That’s from Laura Lippman’s Dream Girl 📖, which I finished reading last night. I had completely forgotten about that tv show. My dad used to love it. So I already had some idea who Thurber was before we read “The Secret Life of Walter Mitty” in school.

I’m reading McEwan’s The Children Act for the third time, wanting to write something about his use of music. The phrase “ruin a fine tenor voice for effects that bring down the house” popped into my head and I couldn’t remember where it comes from, so I Googled it. Should have known it was poetry!

A new post from me in Talk about books. This time I’m looking at some city comedies by Thomas Middleton: A Trick to Catch the Old One and two others. The cruel comedy of Thomas Middleton 🎭

The cruel comedy of Thomas Middleton: A Trick to Catch the Old One and other city comedies

I’ve written about the early 17th century playwright Thomas Middleton in four previous posts: A Fair Quarrel; The Revenger’s Tragedy; The Changeling; and Women Beware Women. All but the first of these are considered tragedies — though I’ll have more to say about that classification in my conclusion below. Two are works of joint authorship, written with William Rowley: The Changeling (probably the best of the tragedies) and A Fair Quarrel, which I chose to write about first because it raises interesting questions.

A link in Julian Girdham’s latest blog post led me indirectly to this earlier one where he writes about the design of poetry textbooks. That in turn reminded me of my own four-year-old post, Reading poetry in scholarly editions.

I reread Margaret Atwood’s Cat’s Eye 📖 a few months ago, having previously read it in the early 90s and remembered only the theme — and that vaguely. It’s just occurred to me that the novel, which is quite long, might have worked a lot better as a short story by Alice Munro!

My sister was driving from France and brought the rest of the books I’d left behind there years ago. I was hoping to be reunited with Wilkie Collins, No Name; Scott Turow, Ordinary Heroes and A S Byatt, The Biographer’s Tale. Instead got Babel Tower ☹️ and a lot of “New Historicism” about Marvell.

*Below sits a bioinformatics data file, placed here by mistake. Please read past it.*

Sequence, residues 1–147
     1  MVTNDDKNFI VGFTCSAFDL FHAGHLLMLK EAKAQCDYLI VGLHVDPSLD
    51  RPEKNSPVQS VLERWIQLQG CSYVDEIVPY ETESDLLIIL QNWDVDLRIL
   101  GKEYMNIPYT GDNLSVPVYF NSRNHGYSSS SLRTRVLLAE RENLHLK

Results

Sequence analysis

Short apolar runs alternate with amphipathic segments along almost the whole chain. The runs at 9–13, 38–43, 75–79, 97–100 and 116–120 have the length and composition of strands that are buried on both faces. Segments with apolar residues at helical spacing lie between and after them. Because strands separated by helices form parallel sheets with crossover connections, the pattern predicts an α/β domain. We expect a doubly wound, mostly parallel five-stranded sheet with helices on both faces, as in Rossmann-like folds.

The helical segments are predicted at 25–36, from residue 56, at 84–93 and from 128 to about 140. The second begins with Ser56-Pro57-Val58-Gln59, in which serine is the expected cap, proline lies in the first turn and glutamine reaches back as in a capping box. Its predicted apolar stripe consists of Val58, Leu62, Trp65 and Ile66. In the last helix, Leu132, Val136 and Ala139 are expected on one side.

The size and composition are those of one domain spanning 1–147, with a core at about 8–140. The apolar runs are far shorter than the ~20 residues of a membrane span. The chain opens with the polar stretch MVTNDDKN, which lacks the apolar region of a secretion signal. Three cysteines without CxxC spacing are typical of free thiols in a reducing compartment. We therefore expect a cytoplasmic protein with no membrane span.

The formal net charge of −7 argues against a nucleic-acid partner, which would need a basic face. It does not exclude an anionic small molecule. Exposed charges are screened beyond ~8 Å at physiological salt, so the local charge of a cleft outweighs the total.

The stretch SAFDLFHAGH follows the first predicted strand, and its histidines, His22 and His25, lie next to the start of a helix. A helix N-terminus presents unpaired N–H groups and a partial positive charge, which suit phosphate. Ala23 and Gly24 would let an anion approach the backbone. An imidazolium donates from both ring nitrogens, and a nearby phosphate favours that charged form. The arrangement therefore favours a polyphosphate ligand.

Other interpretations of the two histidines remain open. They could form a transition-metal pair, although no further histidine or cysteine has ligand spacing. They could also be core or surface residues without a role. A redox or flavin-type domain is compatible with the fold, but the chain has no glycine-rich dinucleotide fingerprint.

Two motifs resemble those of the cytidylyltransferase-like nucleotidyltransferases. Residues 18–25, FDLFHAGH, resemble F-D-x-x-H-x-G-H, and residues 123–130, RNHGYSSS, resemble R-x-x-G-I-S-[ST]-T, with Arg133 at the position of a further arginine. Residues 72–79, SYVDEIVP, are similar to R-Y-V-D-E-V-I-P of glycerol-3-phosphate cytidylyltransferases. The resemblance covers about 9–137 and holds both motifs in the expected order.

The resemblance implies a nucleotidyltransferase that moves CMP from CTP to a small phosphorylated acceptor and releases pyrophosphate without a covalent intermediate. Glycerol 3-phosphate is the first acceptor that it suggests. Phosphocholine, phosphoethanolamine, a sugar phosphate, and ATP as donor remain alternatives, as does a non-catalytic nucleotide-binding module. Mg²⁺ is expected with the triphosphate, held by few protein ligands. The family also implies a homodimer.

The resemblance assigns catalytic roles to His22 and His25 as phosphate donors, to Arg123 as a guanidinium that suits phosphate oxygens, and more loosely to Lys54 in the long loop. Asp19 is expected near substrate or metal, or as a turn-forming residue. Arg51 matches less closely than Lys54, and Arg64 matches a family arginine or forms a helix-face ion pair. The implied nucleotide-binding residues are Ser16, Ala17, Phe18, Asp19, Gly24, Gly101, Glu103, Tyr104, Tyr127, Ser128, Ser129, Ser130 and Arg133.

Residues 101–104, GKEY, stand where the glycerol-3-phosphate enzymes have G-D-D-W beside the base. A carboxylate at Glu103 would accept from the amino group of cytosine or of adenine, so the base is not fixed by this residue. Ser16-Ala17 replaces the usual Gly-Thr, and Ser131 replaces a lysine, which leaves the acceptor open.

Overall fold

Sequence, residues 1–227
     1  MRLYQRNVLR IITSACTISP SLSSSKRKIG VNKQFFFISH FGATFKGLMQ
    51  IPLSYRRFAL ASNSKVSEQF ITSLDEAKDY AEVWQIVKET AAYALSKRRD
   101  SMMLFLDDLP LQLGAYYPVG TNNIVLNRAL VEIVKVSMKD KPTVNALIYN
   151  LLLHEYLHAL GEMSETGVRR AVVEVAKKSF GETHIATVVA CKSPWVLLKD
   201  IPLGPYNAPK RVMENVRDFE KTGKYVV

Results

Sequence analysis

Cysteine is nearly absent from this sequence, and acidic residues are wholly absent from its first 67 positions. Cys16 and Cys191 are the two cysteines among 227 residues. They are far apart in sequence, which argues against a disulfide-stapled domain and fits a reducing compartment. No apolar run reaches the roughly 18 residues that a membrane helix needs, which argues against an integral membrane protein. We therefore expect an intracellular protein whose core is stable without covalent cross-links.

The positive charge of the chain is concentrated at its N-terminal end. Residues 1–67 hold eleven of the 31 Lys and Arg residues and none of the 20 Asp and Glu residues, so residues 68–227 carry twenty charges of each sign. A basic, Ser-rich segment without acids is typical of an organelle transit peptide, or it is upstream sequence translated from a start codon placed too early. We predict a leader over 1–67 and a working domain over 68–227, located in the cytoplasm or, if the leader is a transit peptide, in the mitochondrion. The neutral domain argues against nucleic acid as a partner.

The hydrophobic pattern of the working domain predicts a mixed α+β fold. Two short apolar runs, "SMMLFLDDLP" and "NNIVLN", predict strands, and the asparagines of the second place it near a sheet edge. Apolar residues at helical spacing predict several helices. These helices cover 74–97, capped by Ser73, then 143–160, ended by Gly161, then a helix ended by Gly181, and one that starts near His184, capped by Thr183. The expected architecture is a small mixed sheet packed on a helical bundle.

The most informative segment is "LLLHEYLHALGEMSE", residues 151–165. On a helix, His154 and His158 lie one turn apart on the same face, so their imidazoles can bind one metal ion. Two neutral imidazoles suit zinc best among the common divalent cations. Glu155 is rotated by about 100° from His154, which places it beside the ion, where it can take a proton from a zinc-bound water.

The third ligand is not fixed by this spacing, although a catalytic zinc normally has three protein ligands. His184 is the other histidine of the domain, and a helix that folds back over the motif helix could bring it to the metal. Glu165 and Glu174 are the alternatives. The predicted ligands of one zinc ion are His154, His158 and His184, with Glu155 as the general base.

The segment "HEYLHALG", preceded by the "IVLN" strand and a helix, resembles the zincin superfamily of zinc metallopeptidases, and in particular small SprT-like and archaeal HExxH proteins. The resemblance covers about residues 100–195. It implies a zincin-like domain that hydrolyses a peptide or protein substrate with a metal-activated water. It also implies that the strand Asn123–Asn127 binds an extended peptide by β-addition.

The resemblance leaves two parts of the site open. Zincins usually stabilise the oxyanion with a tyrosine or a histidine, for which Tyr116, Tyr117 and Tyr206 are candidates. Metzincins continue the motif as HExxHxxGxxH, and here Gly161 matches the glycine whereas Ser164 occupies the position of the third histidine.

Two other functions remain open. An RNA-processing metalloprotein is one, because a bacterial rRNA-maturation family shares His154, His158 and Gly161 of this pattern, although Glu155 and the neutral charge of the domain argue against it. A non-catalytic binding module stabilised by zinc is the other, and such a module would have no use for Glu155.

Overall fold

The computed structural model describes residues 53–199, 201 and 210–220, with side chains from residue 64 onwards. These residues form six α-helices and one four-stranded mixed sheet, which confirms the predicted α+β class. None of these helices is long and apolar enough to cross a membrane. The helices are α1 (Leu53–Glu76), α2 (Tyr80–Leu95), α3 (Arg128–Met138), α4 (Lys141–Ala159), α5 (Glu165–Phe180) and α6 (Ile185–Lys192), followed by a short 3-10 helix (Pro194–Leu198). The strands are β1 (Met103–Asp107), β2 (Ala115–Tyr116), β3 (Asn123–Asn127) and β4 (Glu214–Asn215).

I think it’s time I gave up trying to crosspost to BlueSky and just posted there manually instead. It’s a pity because I like being able to include real links in my BlueSky posts. I’ll disable crossposting for now (though that’s hardly necessary) and maybe try again in a few weeks.

I unexpectedly came across my old copies of The Invention of Solitude and Moon Palace just now. When Auster died recently, I thought I’d like to read Moon Palace again but assumed I’d left my copy behind somewhere, possibly decades ago. I hadn’t even been looking for it 📚

Front covers of two books by Paul Auster, The Invention of Solitude and Moon Palace Back covers of two Faber paperbacks of books by Paul Auster, The Invention of Solitude and Moon Palace. The description of the latter reads: Moon Palace is the story of Marco Stanley Fogg — a novel that spans three generations, from the early years of this [the twentieth] century to the first lunar landings; and that moves from the canyons of Manhattan to the cruelly beautiful landscape of the American West.

Apple, why is my “Recents” folder completely empty? And why has a photo I just saved to the “Preview” folder on iCloud not shown up there, or anywhere else that I can see? (That’s why I was looking in the “Recents” folder in the first place.)

What blasted idiot thought touchscreens were a good idea? I just wiped some dirt off the screen of my iPad and jumped at least one screen back in the browser history, losing my place in a “long read” 😡